Inheriting the genes of famous historical craftsmen
It is written that nearly 1,300 years ago, the Yoro Ordinance decreed that Hida Province would be exempt from taxes as repayment for dispatching a skilled company of woodworkers. This was the beginning of the Hida no Takumi (Hida Craftsmen) system in which techinically skilled woodworkers were dispatched from Hida to the capital of Nara.
These earnest woodworkers endured great labors and boasted extraordinary skill, which earned them high acclaim and the title of Hida no Takumi. They were involved in the construction of several temples and shrines, including Yakushiji, Horyuji, and Todaiji, and were active in the building of both Heijo-kyo (modern day Nara) and Heian-kyo (modern day Kyoto), so they played an important role in the golden age of Japanese architecture.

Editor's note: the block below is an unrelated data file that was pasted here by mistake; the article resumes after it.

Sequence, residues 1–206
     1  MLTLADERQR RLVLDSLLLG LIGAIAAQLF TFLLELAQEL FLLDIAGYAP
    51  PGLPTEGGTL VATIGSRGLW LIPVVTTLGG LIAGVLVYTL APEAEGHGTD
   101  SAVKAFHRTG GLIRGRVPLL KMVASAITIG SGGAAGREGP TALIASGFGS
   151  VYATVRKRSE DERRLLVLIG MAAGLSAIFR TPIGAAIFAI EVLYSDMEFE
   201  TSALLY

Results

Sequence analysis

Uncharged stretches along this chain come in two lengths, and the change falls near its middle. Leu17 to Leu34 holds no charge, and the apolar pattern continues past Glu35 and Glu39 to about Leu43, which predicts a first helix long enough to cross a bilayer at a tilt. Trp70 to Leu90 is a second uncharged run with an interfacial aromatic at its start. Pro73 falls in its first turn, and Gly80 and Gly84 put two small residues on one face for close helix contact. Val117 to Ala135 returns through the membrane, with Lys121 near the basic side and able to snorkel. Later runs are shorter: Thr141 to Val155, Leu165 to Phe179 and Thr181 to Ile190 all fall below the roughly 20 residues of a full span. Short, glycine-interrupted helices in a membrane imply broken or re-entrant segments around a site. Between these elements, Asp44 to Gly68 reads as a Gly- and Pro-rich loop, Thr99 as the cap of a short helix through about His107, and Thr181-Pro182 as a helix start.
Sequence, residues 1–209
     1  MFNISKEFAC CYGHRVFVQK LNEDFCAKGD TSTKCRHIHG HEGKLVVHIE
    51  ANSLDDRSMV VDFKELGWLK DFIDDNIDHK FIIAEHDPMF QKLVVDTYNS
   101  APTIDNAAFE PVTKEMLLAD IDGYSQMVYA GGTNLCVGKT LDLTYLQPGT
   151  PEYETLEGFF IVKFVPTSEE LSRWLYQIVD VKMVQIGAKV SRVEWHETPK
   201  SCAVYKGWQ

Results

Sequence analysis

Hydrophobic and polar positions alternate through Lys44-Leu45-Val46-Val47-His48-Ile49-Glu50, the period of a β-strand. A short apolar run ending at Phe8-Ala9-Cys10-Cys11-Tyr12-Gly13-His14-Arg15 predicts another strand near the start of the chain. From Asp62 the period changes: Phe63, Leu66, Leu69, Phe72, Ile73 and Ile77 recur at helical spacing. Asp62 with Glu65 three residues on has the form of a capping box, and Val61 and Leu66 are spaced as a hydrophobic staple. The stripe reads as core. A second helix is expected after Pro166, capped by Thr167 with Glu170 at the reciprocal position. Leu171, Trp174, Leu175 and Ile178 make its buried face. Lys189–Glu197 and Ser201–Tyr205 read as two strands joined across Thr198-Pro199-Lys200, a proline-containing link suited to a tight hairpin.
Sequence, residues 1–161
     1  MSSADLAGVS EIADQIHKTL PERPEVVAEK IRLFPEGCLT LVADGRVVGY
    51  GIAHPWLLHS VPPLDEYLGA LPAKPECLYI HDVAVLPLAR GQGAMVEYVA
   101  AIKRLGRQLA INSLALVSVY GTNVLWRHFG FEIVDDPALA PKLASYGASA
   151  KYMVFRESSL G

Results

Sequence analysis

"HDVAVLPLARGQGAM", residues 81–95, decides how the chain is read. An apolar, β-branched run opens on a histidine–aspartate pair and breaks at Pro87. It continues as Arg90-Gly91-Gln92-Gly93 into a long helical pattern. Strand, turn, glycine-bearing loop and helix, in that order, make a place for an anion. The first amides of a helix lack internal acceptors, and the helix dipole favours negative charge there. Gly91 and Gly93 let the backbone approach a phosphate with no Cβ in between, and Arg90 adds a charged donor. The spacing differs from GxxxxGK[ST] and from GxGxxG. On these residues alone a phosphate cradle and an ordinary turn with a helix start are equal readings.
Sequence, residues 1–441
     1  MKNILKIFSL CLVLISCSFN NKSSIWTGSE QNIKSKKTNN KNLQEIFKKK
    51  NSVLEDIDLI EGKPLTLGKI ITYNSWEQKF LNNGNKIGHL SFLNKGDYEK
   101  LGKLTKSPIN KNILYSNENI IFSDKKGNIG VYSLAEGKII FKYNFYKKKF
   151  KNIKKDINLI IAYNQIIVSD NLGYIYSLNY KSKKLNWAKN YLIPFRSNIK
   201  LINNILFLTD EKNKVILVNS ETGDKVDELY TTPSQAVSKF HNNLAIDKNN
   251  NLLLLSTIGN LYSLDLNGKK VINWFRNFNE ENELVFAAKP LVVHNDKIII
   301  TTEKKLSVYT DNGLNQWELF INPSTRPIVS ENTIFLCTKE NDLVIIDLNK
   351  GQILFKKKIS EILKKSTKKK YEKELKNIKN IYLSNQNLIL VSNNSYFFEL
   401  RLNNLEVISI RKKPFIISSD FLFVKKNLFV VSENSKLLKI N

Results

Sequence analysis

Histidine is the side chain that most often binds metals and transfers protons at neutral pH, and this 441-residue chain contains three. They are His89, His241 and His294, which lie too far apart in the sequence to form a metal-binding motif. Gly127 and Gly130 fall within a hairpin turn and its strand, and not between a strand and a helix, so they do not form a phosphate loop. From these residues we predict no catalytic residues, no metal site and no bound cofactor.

In Takayama, where the blood of Hida no Takumi still flows, various types of woodworking technology including construction have flourished.
In 1920, volunteers from Takayama, who were moved by the story of a traveler who had learned the western technology of wood bending in Osaka, invested their shares together to establish a western furniture maker (modern day Hida Sangyo Co., Ltd.).
They made use of the abundant lumber resources and their knowledge of and experience with wood to create a variety of new furniture through trial and error. As a result of this, Takayama developed into one of Japan's greatest production regions for wood furniture such as tables and chairs.
Wooden furniture from Takayama, known as Hida no Kagu uses plenty of natural wood. The charm of natural wood lies in the fact that it continues to live on even after it is made into furniture, so by caring for that furniture it becomes a part of the family.